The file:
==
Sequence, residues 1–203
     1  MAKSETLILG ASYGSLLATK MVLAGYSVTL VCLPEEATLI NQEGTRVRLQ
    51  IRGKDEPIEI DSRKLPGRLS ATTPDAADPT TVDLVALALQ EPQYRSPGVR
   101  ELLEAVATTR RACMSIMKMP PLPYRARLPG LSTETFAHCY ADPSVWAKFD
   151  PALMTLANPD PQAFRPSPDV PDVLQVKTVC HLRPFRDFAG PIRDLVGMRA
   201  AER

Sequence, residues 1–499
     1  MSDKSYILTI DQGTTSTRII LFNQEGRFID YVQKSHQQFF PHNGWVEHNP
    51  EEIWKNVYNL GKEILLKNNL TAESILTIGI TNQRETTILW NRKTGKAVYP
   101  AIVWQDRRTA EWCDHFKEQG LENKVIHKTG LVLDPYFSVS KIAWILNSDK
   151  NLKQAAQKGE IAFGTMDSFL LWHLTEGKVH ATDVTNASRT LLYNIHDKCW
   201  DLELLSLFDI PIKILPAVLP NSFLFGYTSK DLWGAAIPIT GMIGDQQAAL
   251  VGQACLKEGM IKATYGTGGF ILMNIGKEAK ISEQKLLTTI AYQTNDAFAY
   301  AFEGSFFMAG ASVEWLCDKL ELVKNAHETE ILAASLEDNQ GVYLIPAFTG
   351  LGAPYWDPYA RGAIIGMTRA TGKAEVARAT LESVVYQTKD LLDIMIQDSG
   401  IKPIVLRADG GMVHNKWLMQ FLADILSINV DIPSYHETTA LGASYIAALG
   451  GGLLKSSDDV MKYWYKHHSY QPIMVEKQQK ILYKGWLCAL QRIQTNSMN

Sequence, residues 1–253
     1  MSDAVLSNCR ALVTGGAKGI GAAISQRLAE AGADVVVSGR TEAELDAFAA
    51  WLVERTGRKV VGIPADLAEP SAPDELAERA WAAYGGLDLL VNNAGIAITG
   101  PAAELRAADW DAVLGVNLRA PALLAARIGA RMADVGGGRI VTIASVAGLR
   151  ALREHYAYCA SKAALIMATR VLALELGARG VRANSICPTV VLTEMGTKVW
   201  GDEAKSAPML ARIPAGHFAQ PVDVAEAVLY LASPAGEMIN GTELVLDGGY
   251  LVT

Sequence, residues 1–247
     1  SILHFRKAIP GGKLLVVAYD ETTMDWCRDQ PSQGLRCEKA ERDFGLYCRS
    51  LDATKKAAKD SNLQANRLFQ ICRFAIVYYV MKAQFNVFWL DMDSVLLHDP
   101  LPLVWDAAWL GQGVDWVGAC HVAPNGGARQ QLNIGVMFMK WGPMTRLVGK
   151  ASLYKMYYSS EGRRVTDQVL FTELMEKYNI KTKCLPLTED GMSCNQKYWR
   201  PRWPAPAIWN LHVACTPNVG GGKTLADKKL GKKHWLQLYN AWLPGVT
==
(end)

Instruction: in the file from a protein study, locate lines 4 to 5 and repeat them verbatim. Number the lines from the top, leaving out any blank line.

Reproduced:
   101  ELLEAVATTR RACMSIMKMP PLPYRARLPG LSTETFAHCY ADPSVWAKFD
   151  PALMTLANPD PQAFRPSPDV PDVLQVKTVC HLRPFRDFAG PIRDLVGMRA